As the noble Lord will be aware, there was not unanimous support for the original referral. Concerns were expressed, particularly by the US, Australia and Israel, that this was setting a dangerous precedent for other bilateral disputes. The United Kingdom has a very good record on observing and implementing human rights and supporting other countries in relation to human rights. We are very clear that there is a reason for the history of this matter. It is a long-standing history, and the noble Lord’s party was involved at its inception. There is a careful determination to be made on analysis of the judgment, which the United Kingdom Government will undertake. The important thing is to consider what we are doing in relation to the Chagossians, who are currently principally located in Mauritius, the Seychelles and, interestingly, the United Kingdom, particularly in Crawley and Manchester. The noble Lord will be aware that the United Kingdom Government do a lot to support those communities.

My Lords, previously when this issue has come up, our European colleagues have supported us. Rightly, that did not happen this time. Does that augur well for global Britain?

This is an interesting and challenging situation. The United Kingdom Government are very clear that, while we do not share the view of others that this is a court judgment—we take the view that it is an advisory opinion—we will look at that opinion and analyse it carefully. We are certainly prepared to engage with Mauritius, but there are other considerations. The British Indian Ocean Territory is still needed for defence and security purposes. It is being used to combat some of the most difficult problems of the 21st century, including terrorism, international criminality, instability and piracy.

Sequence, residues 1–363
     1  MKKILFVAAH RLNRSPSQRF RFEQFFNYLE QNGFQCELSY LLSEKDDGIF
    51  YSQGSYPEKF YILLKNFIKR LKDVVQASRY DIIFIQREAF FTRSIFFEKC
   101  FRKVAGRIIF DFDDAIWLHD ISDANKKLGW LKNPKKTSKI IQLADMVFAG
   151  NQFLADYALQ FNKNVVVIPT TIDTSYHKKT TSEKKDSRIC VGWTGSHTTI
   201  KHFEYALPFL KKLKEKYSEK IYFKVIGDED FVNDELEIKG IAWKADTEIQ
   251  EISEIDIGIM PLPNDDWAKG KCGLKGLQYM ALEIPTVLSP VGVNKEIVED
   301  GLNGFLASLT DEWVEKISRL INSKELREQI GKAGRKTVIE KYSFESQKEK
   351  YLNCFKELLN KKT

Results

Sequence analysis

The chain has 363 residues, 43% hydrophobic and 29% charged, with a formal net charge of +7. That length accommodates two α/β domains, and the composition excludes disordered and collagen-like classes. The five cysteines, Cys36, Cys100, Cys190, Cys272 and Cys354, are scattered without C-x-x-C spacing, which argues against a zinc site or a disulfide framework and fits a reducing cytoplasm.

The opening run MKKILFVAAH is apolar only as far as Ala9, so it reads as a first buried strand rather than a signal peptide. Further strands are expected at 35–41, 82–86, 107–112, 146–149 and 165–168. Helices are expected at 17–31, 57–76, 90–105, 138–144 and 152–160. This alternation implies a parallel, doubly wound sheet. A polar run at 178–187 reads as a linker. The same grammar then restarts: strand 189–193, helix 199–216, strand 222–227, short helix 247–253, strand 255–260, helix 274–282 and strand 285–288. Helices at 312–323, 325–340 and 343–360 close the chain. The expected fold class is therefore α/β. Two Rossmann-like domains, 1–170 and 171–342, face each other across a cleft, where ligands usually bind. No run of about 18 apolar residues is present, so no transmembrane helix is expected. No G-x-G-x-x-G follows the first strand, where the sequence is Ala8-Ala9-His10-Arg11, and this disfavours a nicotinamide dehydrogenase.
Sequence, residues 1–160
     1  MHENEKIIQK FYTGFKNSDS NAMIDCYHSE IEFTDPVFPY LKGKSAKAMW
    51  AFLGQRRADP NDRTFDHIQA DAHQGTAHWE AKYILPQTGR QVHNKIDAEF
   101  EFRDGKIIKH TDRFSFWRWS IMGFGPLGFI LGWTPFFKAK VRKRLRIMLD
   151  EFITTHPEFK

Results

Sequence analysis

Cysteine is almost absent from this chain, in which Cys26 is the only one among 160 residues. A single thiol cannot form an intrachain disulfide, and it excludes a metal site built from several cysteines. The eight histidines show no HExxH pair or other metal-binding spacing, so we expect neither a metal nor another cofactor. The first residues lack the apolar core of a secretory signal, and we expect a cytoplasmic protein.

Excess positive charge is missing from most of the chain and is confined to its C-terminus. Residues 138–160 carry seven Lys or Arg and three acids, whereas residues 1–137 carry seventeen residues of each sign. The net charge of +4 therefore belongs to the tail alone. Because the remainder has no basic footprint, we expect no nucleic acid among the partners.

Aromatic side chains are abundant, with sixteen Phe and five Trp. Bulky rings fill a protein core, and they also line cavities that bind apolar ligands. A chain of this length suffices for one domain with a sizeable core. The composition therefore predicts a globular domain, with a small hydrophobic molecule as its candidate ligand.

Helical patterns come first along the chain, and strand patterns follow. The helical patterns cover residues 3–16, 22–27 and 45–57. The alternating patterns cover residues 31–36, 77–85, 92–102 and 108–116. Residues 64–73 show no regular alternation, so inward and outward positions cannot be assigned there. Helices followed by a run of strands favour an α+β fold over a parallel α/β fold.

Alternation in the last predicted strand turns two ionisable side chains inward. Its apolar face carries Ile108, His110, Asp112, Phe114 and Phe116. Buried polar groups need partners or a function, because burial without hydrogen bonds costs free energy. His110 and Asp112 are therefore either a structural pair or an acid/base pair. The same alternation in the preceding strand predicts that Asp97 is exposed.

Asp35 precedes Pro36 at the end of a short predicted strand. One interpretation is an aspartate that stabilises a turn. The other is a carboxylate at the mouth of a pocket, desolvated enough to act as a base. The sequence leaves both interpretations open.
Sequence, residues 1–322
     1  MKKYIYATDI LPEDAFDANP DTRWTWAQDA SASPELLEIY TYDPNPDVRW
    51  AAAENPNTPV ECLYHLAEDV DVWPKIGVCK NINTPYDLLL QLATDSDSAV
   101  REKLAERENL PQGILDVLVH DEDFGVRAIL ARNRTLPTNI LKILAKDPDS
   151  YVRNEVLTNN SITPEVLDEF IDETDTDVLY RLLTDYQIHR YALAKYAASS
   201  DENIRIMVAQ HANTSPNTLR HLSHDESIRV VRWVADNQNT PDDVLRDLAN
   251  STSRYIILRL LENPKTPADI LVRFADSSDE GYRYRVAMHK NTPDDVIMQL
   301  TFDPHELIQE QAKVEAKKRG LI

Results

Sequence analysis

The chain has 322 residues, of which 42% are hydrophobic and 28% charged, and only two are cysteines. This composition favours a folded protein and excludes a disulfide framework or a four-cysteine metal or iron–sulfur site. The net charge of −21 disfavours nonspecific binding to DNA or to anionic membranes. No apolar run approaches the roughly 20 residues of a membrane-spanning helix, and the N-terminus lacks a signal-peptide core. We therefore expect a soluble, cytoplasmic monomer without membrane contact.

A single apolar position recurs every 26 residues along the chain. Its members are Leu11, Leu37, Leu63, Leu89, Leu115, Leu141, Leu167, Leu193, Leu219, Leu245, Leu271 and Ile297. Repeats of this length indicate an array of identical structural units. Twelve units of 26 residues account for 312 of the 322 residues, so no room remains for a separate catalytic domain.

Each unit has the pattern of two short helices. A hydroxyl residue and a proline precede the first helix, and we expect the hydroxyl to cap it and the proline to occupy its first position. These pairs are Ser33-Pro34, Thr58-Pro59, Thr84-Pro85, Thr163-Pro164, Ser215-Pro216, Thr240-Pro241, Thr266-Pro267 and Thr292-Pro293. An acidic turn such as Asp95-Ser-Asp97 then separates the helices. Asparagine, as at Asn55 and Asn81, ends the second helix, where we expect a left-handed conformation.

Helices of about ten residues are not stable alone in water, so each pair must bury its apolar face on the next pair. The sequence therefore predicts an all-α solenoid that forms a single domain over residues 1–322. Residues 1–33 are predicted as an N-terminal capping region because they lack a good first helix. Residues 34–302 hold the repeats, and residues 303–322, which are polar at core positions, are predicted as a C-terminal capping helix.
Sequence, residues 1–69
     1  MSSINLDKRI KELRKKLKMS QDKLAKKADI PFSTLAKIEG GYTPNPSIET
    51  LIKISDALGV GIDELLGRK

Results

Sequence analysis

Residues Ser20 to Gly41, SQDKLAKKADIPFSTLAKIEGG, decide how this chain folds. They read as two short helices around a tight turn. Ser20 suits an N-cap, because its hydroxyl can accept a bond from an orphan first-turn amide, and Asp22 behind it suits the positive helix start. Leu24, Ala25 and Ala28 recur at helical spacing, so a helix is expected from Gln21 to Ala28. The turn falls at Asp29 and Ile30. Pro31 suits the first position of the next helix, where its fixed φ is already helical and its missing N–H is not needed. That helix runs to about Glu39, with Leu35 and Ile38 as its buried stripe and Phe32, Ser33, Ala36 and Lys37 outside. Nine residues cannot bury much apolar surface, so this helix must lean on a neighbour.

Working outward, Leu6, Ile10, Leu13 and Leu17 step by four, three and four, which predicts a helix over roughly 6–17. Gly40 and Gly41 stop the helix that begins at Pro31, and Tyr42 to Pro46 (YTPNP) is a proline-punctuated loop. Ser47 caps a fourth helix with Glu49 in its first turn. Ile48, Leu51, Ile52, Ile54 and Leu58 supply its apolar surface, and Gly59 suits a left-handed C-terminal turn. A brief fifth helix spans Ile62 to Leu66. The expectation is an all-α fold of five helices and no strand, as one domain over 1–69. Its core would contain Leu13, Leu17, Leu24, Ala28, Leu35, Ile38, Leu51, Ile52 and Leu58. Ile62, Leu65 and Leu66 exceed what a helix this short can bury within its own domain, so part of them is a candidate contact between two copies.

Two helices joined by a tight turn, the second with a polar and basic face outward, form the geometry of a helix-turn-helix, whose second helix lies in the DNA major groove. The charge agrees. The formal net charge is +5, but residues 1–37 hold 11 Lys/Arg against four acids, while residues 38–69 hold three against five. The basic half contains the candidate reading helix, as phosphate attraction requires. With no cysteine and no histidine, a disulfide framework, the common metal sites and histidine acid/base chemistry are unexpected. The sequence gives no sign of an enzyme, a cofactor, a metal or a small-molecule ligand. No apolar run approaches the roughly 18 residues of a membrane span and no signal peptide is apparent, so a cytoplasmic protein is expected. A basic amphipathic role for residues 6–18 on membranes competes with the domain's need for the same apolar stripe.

My Lords, bearing in mind the valid point made by the noble Lord, Lord Luce, that the American base on Diego Garcia could continue for many years ahead, if we are to consider America’s and our joint defence interests carefully in coming years and look at the American argument sympathetically, can we make sure that the Americans in turn, including the Washington policymakers, pay a little more attention to our interests and work with us in that area in a more constructive way than they have in the past?

I think the noble Lord’s observation will be noted. It is an important point that, in the conduct of international affairs, there has to be mutual respect and recognition, and if people cannot work together, they are very unlikely to be able to reach sensible conclusions and agreement on important issues.

Will the Minister acknowledge that considerable work has recently been done to demonstrate that the resettlement of the islanders is economically, diplomatically and environmentally feasible so that the UK can now bring its policy in line with justice and thereby get more credit in the outside world?